Home Resonance The lost art of knowing your neighbourhood

The lost art of knowing your neighbourhood

Diane the bread angel.

I was on the back deck and looked down and saw a woman who seemed to have appeared out of nowhere. She said she was out for a walk. I invited her up and we sat and chatted for a few minutes.  Her name is Diane.

She told me she grew up as one of 19 children in a small community in Cape Breton, NS. It is known across the world for its beauty and varied culture . There is also a long history of hard times for those who lived off the land and the sea, and who worked deep underground in the mines or in the steel mills.

One day when Diane was a girl her mother was sick, and her father asked her to make bread. She protested that she didn’t know how. He said, “go ask your mother.” It was a command, not a request. She’s been baking ever since. Breadmaking is both an art and a science that goes far back into the human past.

Diane became a regular visitor and one day she asked if I would like a loaf of her fresh-baked bread. She makes both white and brown. I said, “yes, please.” Since then, my wife Donna and I have consumed multiple loaves. It is delicious. Diane calls me “bud” and Donna “your darlin’.” The other day I bought some shredded cheese and gave it to her so she could make cheese bread, which she hasn’t made in a while.

For years she looked after kids in the neighbourhood, which included taking them for walks on the trails nearby and making them lunch. The kids loved her homemade breads and desserts and showed up early so they could get a better breakfast than they got at home.

Diane’s husband died a few years ago and one of her adult sons lives at home. A close friend across the street also died. Recently her dog and her son’s cat died within a couple of weeks of each other. Diane is philosophical. She has been around. She appreciates our neighbourhood and the fact that she can walk to the post office and back. She loves nature, you can tell. She has a wicked sense of humour that she mostly hides.

One day I was out walking a dog with my friend Angie. A week before I had given her a slice of Diane’s bread and she kept asking about it. On our walk we knocked on Diane’s door and she came out for a chat. Now I feel like I’m responsible for deliveries of bread for myself, Donna, and Angie too.

Mike the singer.

Mike and his family have lived next door for years, but I didn’t know him that well. Over the winter he started coming over for coffee and with the improved weather we have migrated to the back deck. He likes cats and is glad when one of our three comes over to say hello.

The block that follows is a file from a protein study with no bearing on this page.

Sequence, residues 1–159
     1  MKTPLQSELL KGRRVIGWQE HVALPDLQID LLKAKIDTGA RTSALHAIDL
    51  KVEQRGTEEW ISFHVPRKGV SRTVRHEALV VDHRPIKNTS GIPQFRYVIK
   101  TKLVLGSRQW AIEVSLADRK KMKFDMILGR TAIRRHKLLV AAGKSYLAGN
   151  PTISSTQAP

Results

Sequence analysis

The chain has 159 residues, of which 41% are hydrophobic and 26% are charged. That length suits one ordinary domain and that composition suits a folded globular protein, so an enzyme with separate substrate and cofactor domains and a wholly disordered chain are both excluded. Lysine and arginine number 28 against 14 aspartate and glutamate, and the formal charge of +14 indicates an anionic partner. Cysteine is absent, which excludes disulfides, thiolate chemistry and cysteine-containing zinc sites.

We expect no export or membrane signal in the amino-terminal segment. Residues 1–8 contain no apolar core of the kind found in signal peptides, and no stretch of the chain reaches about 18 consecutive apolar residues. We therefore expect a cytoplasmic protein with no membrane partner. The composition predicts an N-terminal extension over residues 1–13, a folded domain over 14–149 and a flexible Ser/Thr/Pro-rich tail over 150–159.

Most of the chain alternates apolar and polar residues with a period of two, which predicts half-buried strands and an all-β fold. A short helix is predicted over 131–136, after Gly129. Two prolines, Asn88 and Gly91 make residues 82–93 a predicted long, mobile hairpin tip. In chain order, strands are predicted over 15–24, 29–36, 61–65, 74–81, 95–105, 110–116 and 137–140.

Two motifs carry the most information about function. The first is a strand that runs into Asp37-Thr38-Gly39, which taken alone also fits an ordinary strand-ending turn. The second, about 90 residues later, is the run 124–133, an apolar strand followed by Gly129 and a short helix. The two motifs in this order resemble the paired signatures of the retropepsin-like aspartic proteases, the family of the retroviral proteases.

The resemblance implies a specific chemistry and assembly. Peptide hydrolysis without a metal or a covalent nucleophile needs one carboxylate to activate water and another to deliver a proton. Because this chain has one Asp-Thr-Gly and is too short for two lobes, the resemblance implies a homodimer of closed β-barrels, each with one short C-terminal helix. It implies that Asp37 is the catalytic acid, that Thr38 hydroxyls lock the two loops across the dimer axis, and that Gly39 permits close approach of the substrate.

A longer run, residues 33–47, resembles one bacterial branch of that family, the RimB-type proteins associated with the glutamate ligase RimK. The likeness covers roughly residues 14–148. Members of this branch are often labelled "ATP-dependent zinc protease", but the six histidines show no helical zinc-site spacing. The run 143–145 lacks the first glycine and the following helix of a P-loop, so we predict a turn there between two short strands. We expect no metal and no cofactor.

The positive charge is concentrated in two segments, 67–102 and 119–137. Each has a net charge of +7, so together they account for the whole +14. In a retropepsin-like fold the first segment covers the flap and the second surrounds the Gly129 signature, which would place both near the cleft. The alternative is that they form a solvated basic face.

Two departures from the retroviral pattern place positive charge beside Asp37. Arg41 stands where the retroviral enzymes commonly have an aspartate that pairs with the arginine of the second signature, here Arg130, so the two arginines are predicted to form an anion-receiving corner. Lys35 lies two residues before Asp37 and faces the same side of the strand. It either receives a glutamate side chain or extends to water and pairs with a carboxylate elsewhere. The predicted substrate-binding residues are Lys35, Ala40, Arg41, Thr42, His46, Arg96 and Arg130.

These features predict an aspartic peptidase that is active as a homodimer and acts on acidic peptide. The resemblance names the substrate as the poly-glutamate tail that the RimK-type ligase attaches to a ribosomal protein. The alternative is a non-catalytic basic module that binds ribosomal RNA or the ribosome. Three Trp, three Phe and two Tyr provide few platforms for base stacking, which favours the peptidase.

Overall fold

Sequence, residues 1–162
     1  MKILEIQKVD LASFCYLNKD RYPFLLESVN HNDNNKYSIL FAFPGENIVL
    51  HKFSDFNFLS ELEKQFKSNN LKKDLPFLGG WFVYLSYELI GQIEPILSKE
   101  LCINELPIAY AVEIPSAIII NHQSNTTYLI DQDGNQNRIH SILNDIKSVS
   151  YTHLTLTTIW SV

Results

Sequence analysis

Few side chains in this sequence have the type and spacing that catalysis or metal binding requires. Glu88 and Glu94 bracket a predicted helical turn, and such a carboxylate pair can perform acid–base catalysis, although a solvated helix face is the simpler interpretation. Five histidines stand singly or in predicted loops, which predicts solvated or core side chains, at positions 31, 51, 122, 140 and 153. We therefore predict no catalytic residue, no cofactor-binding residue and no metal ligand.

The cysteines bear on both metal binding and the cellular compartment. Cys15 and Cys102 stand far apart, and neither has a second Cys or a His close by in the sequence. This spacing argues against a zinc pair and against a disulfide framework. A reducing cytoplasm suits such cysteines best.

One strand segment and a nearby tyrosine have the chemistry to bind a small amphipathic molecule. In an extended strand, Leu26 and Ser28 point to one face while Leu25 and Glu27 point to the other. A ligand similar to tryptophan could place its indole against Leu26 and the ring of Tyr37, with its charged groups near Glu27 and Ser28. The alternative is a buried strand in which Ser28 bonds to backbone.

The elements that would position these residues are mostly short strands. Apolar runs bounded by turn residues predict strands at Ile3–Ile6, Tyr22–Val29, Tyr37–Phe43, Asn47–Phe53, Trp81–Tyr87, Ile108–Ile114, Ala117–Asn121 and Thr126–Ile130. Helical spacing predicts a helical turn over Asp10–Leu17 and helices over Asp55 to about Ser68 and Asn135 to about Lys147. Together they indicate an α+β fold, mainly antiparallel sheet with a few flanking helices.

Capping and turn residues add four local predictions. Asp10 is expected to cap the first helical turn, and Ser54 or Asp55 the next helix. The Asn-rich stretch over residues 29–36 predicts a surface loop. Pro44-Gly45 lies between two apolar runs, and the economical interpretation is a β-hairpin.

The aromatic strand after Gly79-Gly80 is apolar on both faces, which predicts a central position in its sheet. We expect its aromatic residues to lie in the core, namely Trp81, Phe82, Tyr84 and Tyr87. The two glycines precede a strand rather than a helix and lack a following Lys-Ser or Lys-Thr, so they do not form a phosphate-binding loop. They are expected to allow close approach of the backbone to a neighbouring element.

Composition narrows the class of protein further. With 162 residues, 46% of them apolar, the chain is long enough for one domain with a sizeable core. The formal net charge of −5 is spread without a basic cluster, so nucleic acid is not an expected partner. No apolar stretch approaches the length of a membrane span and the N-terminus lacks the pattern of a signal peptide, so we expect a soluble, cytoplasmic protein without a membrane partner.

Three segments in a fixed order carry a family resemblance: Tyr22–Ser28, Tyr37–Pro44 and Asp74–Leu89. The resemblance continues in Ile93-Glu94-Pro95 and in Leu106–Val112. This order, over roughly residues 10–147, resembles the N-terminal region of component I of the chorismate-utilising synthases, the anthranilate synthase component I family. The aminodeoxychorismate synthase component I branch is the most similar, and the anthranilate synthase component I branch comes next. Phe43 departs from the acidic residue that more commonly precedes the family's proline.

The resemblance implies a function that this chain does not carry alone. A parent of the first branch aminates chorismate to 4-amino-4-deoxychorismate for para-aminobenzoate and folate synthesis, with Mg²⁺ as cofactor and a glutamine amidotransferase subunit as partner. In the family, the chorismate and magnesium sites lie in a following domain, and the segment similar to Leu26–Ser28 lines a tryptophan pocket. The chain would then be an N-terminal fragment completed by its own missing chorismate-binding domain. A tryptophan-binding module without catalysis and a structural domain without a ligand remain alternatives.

Mike is quiet and reserved but it turns out he too has a wicked sense of humour and will toss out an impression when you least expect it. He’s also musical. He once made a recording of pop songs and he’s planning to make another one.

Sometimes Mike asks me to find a recording of a song by one of his favourite artists like John Denver or Glen Campbell. I find it on my phone, and he sings along, practicing for when he makes his next recording. He has a good voice.

Hanging out

Hanging out has become a lost art. We are often in our cars, staring at a screen, or just keeping our distance because of COVID. Or because we have lost the art of reaching out. Talk to a stranger at a store, and they might look away or stare at you suspiciously.

In the old days, especially in small communities where people had to work together to get stuff done, human interaction was an art that most people had to learn. Life in villages and small towns had an inherently social aspect. You got to know your neighbours, including everyone’s strengths and weaknesses. You made friends and friendships have many social and health benefits.

There is a downside – if you don’t fit in. As with all animal species, ostracism is a high price to pay for not fitting in. People, including children, can be cruel. Bullying, they say, is on the rise.

Yet some things are great equalizers – stuff we all have in common like food and music. A few days ago, Diane called and said the cheese bread is ready. I walked up the hill. She met me at the bottom of her drive and passed me the bread. She teased me about something, but I can take it.

When I got home Donna was just finishing a slice of Diane’s white bread with molasses, a meal that reminds her of growing up when her parents ran a maple sugar camp and bread and molasses was a staple for lunch. I toasted a slice of the cheese bread and added butter. I broke off a chunk for Donna and we chewed silently. No words needed.

This morning Donna and I had Diane’s white bread for breakfast. Then we took the grandchildren for the morning. We started at a local mall. It was early so the place was very quiet. Oscar ran around and burned off some energy. I saw Diane and we had a chat. She reached out for Oscar and her eyes lit up. She really loves children. Neighbours talking to neighbours, expanding their circle. The way life should be.

David Holt is the Editor of Silver.

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